Nang Raw, a young Kachin Baptist woman from Burma (Myanmar) who coordinates the Yangon office for the Shalom Foundation, has conducted many workshops on conflict transformation.

Fyodor Raychynets is a young Ukrainian Baptist pastor who served a number of years as a missionary in Bosnia. He is a sharp theologian and ethicist, often working in academic contexts to teach peacemaking. In Bosnia he was heavily involved in inter-religious dialogue and relationship-building.

Victor Rembeth is the former General Secretary of the Indonesian Baptist Union. He currently is Associate Director for YTB Indonesia, the Indonesian ecumenical relief agency that relates to Church World Service. Victor was active in pro-democracy efforts and has been a leading figure in interfaith dialogues.

Mario Rivas, Bolivian Baptist liberation theologian and advocate for indigenous rights, was sent into exile for 12 years by Bolivian military dictators.

Luis Rivera-Pagan, a leading academic/activist from Puerto Rico, is author of A Violent Evangelism, a landmark look at the religious dimensions of the conquest of the Americas. 

Jerjes Ruiz is the Dean of the School of Theology at the Baptist Polytechnic University of Nicaragua and a leader among Nicaraguan Baptists’ historic role in working for a just settlement of the country’s long-standing political trauma.

Gina Shangkham coordinates the Naga Women’s Union, Manipur, and has been a long-standing voice for peace and an activist for women’s rights amid the highly volatile and violent area of northeast India, including leadership for the “Journey of Conscience” nonviolent campaign by civil society groups for justice and peace for the Naga people.

Tirtha Thapa is a leader in the Christian church in Nepal which has no denominations, but he works closely with Baptist missionaries. Director of a Christian health and development agency, he played a very risky intermediary role between the government of Nepal and Maoist rebels that helped bring about the peace agreement.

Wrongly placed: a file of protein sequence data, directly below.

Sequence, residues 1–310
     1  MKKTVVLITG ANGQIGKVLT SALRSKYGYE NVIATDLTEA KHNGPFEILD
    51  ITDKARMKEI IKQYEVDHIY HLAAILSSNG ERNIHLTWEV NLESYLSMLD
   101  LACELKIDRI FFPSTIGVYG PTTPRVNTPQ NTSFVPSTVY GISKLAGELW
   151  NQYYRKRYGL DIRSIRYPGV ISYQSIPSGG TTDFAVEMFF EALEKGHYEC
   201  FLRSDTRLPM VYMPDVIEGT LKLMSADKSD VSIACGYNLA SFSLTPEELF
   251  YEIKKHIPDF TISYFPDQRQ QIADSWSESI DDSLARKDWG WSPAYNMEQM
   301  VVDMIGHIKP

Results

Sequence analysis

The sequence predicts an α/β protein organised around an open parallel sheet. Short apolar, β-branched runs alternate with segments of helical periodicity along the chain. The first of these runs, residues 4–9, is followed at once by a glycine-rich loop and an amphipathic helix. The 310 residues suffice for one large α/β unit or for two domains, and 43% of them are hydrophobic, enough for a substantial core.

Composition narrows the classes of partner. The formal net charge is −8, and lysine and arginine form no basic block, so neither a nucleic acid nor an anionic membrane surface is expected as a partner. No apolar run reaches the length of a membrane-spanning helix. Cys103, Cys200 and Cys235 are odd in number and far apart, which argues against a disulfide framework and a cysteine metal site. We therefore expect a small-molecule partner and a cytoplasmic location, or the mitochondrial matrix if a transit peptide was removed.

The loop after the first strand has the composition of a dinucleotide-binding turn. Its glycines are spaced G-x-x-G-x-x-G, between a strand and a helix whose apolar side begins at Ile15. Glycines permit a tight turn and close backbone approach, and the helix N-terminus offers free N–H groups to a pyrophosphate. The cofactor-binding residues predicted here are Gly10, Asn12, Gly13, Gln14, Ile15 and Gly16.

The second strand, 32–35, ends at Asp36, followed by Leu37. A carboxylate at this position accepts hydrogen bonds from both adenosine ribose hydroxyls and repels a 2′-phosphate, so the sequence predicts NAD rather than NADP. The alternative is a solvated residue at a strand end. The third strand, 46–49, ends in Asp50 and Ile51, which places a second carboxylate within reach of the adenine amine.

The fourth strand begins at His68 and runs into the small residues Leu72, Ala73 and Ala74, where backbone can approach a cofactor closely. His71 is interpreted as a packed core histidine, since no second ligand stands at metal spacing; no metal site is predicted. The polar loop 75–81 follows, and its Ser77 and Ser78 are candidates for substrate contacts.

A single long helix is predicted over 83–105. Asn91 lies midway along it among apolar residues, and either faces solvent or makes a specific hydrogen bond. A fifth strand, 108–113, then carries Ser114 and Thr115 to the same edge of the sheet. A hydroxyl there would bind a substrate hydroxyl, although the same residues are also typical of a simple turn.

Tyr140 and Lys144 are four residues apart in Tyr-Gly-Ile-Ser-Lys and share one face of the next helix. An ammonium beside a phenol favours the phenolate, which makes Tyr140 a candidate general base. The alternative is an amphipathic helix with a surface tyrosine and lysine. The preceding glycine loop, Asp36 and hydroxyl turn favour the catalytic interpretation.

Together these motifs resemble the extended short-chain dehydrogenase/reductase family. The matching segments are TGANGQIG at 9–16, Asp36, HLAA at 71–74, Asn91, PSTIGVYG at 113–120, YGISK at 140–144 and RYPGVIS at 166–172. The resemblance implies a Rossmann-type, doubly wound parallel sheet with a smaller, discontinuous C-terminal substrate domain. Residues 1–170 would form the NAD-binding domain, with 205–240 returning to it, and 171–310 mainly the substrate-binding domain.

Wado is a young Karen refugee from Burma (Myanmar). He lives in the Mae La Refugee Camp at the Thai-Burma border. He is on the faculty of the Bible School at the camp run by BWA Human Rights Award recipient Rev. Simon. Wado has conducted various peace workshops among the Karen communities on both sides of the border.

Augustine Yeahger is the leader of the Liberian Native Baptist Convention, a convention made up of indigenous churches as a justice movement in the face of the dominance and prejudice of the Americo-Liberians, descendants of the freed slaves who established the state of Liberia and maintained power until 1980.

Maung Maung Yin is the founder and director of the Peace Studies Center at the Myanmar Institute of Theology just outside of Yangon, Myanmar. He has been a leader in bringing peace studies into the Baptist academic community in Myanmar and in providing ways to reach out to the larger church community through the Peace Studies Center.

Socratez Sofyan Yoman is the President of the Fellowship of Baptist Churches of West Papua, a region currently under Indonesian rule. He has been a voice for human rights in Papua, traveling internationally to share the story of the Papuan struggle and develop support for human rights and self-determination of the Papuan people.


I doubt I can go to Rome for this conference (much as I want to), so I will also try to contribute to the scholarship fund.  I hope you and your congregation will support the conference in prayer and with contributions. Also, try to send one person as a representative and have them bring back pictures and reports.  Here is a major way to be a concrete, Christian voice for peace and justice in the world.

June 3, 2008 - Posted by | Baptists, human rights., peace


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  2. this the best conference for me.When it should be arrange in thailand.

    Comment by travelthailand | June 7, 2008

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  4. It is a good thing to bring about peace and I most say thanks to all of you.
    I am from Liberia, West Africa and I am interested in attending this Peace building Conference that is to be held in Rome, Italy February 16 to 21 2009.
    Please give me full details in the process.
    Rev. James N. Cooper

    Comment by Rev. James N. Cooper | June 18, 2008

  5. We need peace in the world. All stakeholders must put all hands on deck to ensure that a peaceful world is realized through the help of God.

    Comment by Samuel Obadiah | June 18, 2008

  6. Can a non baptist clergy attend your baptist convention in Italy in 2009 Feb.

    I am a Pentecostal-Evangelical Cleric and would like to attend your baptist conference. If I am permitted, please let me know.

    I live and serve in Liberia.

    Comment by Rev. Emmanuel Lloyd | June 18, 2008

  7. Rev. Lloyd, address all questions about the conference to http://www.globalbaptistpeace.org/

    Comment by Michael Westmoreland-White | June 18, 2008

  8. […] I have received several emails and blog comments from around the world concerning my post on the Global Baptist Peace Conference in February ‘09. Look, folks, I am NOT on the planning committee. I am not even going to be […]

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  9. Meeting the Challenges of Christian Life in Pakistan